Google Drive Glitch Sparks Outrage as Users Face File Access Issues

Google Drive Glitch Sparks Outrage as Users Face File Access Issues

A glitch affecting Google Drive has prompted a wave of frustration among users unable to access files over the past six months. Google has acknowledged the problem and is actively investigating the issue impacting some users of its widely used cloud storage service. The initial report surfaced on November 22 when a user mentioned their drive had reverted to a May 2023 version. While the exact number of affected customers is unknown, complaints have come in from multiple countries.

Google Drive, an integral part of the Google Workspace suite with over three billion users globally, encountered an outraged response on Google’s support site. Users expressed their anger and concern, with one describing it as “very devastating,” emphasising the significance of the inaccessible files. Some users reported losing critical files in recent months, leading to heightened stress.

Criticism on the support site included comments like, “This is crazy and not a dependable cloud service” and “In a panic!” Others, who are paying for the service, hinted at potential legal action due to the unacceptable and aggravating situation.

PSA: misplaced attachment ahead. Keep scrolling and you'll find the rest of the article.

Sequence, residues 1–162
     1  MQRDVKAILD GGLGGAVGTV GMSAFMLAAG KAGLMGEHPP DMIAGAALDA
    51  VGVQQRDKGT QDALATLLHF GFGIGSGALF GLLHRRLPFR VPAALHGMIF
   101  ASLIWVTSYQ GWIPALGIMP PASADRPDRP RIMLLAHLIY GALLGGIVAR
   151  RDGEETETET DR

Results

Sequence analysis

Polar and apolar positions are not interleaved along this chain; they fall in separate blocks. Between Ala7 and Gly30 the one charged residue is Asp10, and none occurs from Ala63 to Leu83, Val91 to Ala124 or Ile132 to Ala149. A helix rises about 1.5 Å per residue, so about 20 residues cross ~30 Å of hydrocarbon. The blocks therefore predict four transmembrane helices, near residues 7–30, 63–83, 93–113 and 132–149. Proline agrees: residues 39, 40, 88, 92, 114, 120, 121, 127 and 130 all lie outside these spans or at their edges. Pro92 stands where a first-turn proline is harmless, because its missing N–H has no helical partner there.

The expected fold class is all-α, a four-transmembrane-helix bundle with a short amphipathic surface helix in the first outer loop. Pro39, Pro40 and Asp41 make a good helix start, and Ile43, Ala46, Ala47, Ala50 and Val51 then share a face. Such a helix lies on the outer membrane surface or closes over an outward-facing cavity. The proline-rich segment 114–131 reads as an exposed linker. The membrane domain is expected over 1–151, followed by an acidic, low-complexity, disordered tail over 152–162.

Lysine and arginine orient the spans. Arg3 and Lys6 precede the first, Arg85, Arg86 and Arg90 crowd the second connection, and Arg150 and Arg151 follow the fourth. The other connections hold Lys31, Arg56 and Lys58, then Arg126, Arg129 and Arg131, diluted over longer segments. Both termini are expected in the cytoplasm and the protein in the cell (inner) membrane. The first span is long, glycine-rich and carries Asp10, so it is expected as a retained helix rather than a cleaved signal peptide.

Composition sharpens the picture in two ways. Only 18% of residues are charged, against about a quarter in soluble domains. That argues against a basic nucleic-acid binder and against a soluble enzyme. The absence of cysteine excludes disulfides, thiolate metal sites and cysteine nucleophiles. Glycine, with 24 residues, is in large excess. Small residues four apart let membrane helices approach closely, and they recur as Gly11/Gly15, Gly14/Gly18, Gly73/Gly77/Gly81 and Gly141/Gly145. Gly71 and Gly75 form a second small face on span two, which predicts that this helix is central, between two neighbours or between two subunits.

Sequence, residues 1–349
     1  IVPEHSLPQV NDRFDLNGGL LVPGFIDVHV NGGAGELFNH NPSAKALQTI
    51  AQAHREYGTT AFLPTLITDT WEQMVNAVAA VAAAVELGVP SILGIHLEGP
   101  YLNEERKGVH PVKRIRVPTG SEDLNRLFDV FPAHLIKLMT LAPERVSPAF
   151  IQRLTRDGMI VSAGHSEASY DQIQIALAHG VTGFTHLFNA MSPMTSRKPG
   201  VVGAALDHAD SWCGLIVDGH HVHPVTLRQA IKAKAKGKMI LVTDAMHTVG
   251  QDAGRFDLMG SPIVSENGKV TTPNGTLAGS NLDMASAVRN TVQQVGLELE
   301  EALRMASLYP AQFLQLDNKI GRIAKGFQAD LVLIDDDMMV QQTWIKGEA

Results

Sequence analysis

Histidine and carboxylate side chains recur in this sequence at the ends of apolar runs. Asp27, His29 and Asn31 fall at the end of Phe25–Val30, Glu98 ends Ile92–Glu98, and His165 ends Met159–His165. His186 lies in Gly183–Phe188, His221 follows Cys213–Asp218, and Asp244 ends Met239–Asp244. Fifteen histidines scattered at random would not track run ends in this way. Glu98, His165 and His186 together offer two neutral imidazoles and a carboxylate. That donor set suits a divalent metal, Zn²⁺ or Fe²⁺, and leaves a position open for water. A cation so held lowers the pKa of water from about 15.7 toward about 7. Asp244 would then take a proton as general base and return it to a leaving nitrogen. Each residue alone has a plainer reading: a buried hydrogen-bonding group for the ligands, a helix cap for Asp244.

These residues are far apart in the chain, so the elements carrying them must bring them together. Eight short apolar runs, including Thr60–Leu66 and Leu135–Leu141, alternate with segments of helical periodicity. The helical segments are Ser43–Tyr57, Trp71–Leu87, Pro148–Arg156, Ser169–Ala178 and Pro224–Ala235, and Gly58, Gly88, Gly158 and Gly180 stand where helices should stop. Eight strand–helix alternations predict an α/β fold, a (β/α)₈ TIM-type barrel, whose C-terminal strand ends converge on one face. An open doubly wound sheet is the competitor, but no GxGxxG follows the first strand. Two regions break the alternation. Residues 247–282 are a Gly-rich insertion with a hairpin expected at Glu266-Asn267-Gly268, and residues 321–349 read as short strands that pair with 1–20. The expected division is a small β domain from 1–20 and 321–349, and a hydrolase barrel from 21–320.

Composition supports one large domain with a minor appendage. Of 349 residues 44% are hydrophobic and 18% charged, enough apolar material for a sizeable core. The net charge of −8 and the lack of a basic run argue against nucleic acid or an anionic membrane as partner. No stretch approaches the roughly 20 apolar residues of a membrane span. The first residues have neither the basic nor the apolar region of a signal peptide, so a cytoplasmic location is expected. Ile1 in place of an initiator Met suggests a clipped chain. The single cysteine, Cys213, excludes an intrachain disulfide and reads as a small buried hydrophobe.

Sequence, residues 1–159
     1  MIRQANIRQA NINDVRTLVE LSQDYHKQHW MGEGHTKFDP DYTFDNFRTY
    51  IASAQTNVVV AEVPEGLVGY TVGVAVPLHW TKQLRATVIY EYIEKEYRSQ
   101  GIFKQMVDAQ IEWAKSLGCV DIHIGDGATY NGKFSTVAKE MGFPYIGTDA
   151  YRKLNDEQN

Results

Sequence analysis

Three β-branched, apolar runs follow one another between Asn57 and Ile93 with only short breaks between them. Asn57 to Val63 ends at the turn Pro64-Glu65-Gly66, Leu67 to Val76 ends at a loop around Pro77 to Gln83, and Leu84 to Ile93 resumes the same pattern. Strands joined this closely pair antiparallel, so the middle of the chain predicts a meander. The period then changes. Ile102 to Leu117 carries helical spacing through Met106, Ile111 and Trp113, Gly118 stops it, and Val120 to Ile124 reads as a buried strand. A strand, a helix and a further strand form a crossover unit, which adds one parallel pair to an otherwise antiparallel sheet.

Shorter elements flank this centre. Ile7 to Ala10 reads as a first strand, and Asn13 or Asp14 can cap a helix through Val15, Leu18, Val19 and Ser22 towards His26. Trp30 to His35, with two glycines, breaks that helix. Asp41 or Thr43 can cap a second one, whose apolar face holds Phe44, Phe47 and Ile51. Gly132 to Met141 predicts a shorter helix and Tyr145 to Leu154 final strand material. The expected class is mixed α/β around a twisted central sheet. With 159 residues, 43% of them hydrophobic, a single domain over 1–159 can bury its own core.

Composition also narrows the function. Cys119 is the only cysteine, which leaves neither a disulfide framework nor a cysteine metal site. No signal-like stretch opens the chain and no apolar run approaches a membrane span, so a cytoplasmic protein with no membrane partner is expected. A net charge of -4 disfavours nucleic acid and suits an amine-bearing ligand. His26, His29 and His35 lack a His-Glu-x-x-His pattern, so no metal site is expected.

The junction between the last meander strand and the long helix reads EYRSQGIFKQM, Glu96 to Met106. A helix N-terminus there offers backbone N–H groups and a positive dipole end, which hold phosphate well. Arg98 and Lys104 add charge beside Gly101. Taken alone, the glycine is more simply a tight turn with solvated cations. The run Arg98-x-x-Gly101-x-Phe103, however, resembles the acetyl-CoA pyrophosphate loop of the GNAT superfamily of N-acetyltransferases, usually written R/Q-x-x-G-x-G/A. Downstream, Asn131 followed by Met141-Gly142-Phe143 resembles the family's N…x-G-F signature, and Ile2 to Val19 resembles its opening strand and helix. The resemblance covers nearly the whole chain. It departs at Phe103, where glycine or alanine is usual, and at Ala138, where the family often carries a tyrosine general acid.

The original poster, utilising Drive for Desktop on Windows, found none of Google’s suggested fixes effective. Google responded on the forum, stating they were actively investigating the reports and would provide further updates. They advised users not to disconnect their account in the Drive for desktop app, refrain from deleting or moving the app data folder, and make a copy of the folder if possible.

Data privacy expert Enza Ianopollo from analyst firm Forrester emphasised that this situation is a significant concern for Google. She stressed the necessity for Google to offer a comprehensive explanation of what occurred, not just reassuring users that their data would reappear. Ianopollo pointed out that business customers, in particular, would need precise information on whether their files were accessed or altered, as they would be liable for any data loss rather than Google.



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